Dombrowski explains "adjustments"
No fire-sale terminology, no direct reference to the economy. But in explaining the trade that sent Curtis Granderson and Edwin Jackson out of Detroit and brought in four young players, Tigers president/general manager Dave Dombrowski conveyed the idea that this was a move that had to be made.
“The reality is, no matter what, we needed to make some adjustments,” Dombrowski said. “In almost any scenario, it’s a necessity. But it’s also one of those where we’re in a very good situation with a quality owner that projects to have a really solid payroll as we go forward. But at some point, adjustments needed to be made, and this was the time to do it for us.”
Part of the necessity, while the Tigers won’t talk about it, comes from the Michigan economy. But the other impetus, which Dombrowski admits, came from a huge payroll over the last two years and contracts that have weighed down the organization.
They were very revealing remarks, and they set up this move as the counterbalance to the trade for Miguel Cabrera and Dontrelle Willis that came out of the Winter Meetings two years ago in Nashville.
“We made a lot of trades over the recent years where we traded a lot of young players for guys to help our big league club,” Dombrowski said. “The Cabrera deal, we traded six young guys. [For] Sheffield, we traded some. …
“When you come on board, you try to turn a franchise’s philosophies around. The Tigers lost for a lot of years. I don’t think people sometimes realize how difficult that can be to do. When you’re losing, there’s usually reasons behind it. One of the things is that you need to upgrade your talent, and our scouts have done a tremendous job at that. But while you’re upgrading, you don’t have the flow of free agents to help your big league club, so you sign some free agents. We made some trades.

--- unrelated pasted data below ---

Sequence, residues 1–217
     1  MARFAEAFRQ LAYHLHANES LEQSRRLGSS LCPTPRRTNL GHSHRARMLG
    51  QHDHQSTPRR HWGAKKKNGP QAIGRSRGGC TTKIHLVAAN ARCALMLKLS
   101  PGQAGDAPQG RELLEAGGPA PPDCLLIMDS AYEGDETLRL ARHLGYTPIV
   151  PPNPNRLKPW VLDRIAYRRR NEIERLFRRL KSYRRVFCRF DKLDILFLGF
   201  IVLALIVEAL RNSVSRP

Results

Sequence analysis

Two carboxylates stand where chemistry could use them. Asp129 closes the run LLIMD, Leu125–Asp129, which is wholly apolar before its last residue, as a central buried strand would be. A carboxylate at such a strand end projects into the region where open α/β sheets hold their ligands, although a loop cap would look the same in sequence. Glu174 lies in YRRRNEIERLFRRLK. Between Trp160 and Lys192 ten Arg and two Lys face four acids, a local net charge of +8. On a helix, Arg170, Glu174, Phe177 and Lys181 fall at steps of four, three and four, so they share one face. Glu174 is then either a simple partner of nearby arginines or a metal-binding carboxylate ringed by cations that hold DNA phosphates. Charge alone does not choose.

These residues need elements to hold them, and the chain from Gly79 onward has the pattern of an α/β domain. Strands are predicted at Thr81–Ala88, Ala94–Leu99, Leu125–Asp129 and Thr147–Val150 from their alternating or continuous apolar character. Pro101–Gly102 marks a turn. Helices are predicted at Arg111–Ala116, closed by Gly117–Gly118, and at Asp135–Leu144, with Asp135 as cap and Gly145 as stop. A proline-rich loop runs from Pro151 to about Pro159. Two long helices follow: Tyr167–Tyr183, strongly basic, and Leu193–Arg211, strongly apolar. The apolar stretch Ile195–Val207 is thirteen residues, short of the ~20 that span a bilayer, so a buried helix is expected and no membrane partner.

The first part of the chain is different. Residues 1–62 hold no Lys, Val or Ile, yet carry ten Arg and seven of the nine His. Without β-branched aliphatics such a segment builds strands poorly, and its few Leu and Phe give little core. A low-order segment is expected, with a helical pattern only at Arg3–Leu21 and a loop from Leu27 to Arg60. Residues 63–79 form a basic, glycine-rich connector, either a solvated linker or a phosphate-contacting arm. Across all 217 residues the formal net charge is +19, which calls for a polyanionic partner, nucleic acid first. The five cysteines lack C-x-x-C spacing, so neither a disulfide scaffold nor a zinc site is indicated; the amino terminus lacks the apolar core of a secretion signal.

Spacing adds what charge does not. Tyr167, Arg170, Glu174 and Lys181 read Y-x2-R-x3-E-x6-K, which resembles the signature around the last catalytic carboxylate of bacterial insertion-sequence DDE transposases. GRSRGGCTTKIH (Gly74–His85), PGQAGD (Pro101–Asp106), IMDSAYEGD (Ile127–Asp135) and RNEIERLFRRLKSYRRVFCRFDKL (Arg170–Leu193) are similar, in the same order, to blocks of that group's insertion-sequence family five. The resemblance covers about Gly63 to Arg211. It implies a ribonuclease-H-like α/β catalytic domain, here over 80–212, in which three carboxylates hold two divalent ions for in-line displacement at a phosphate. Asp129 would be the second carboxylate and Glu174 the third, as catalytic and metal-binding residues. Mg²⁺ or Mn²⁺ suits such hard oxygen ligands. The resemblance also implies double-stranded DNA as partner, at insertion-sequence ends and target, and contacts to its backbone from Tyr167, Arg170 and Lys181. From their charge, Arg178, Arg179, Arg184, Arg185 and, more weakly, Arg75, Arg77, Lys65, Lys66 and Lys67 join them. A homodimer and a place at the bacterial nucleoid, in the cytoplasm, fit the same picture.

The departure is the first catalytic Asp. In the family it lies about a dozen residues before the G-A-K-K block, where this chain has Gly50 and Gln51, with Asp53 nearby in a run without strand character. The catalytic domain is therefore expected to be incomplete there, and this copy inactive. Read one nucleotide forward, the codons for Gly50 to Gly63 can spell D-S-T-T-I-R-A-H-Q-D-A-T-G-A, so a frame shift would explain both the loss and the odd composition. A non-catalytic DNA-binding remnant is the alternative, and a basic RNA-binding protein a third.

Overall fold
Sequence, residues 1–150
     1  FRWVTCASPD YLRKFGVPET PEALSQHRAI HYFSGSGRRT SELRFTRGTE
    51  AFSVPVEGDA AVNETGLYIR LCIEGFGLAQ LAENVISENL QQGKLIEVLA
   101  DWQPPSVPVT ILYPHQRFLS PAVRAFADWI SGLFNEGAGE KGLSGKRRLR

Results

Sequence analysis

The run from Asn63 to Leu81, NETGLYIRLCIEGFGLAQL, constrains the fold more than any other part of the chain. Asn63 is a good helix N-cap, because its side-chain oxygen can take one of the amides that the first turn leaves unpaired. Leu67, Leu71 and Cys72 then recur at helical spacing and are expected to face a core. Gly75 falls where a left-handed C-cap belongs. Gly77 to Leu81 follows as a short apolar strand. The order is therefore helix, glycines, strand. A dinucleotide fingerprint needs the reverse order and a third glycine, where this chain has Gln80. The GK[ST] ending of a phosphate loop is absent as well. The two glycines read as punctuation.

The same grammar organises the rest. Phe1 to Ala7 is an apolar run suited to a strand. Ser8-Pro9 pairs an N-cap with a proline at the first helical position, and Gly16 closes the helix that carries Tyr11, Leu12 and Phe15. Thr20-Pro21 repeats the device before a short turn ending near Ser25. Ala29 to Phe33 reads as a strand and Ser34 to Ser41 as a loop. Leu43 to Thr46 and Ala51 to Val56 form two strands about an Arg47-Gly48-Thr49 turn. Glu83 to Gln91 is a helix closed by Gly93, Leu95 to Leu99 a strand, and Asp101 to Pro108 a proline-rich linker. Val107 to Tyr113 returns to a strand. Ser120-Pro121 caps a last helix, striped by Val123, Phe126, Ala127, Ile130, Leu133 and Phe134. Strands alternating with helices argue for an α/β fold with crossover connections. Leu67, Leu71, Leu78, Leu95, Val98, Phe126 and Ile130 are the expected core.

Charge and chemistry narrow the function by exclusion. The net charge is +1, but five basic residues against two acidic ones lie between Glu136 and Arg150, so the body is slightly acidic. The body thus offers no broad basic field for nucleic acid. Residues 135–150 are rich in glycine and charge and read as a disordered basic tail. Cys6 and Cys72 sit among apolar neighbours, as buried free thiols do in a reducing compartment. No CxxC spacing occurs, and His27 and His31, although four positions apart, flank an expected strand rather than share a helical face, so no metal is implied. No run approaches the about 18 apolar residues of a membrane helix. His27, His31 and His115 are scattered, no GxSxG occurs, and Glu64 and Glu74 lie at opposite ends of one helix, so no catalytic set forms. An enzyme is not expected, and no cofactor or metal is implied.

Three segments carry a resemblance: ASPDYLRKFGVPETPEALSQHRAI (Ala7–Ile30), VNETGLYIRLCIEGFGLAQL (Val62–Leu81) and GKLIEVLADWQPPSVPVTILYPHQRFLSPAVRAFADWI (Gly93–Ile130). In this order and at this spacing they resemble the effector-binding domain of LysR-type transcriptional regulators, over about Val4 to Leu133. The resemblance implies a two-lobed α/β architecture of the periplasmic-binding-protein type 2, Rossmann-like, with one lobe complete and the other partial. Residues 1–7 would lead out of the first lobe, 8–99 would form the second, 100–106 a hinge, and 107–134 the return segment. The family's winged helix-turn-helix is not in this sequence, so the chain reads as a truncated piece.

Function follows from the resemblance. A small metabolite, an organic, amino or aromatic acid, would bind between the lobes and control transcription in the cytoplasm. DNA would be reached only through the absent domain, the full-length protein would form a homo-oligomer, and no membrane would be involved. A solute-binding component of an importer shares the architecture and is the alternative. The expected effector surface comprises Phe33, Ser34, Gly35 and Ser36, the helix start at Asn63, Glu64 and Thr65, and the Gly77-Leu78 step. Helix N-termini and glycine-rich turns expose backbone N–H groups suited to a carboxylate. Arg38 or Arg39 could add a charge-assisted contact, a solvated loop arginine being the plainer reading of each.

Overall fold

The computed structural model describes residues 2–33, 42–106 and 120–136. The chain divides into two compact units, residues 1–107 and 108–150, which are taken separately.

“I know myself the last few years, I think what we’ve done well through our time is bring in young players and develop them and bring them up. We kind of got away from it, because we were just in a position where [we asked] what can we do to get this final piece. And I think that this gives us an opportunity to go back to building like we would like and set the foundation.”
He’s ready to take the criticism for trading the known quantity for the unknown, as he put it. But he’s also ready to take the criticism for some of the contracts they made to try to win now.
“Hey, we made some signings that haven’t worked out for us,” Dombrowski said. “And we’re almost through it. But at the time, people thought they were good signings. And sometimes, when you’re making adjustments, unfortunately, they affect you in a different way. Everybody has bad signings on their books, but we’re in a position where some of it’s due to injury.
“I’ve seen it written: Jeremy Bonderman — bad signing. Jeremy Bonderman was one of the best young pitchers in baseball at the time. Now, there’s others that haven’t worked out as well. But really, what ends up happening is, we’re working through that, too, but we’re one year away from working through it real well. And this sets us up to do it.”